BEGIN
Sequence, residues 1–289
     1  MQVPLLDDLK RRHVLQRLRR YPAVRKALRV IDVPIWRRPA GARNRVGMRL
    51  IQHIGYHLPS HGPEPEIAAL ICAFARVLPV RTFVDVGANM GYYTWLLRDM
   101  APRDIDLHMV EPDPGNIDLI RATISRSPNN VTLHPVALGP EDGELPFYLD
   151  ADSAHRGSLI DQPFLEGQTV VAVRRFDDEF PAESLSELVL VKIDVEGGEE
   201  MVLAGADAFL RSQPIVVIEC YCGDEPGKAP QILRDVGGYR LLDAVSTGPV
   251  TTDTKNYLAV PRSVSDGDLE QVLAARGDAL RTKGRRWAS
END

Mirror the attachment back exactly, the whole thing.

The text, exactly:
Sequence, residues 1–289
     1  MQVPLLDDLK RRHVLQRLRR YPAVRKALRV IDVPIWRRPA GARNRVGMRL
    51  IQHIGYHLPS HGPEPEIAAL ICAFARVLPV RTFVDVGANM GYYTWLLRDM
   101  APRDIDLHMV EPDPGNIDLI RATISRSPNN VTLHPVALGP EDGELPFYLD
   151  ADSAHRGSLI DQPFLEGQTV VAVRRFDDEF PAESLSELVL VKIDVEGGEE
   201  MVLAGADAFL RSQPIVVIEC YCGDEPGKAP QILRDVGGYR LLDAVSTGPV
   251  TTDTKNYLAV PRSVSDGDLE QVLAARGDAL RTKGRRWAS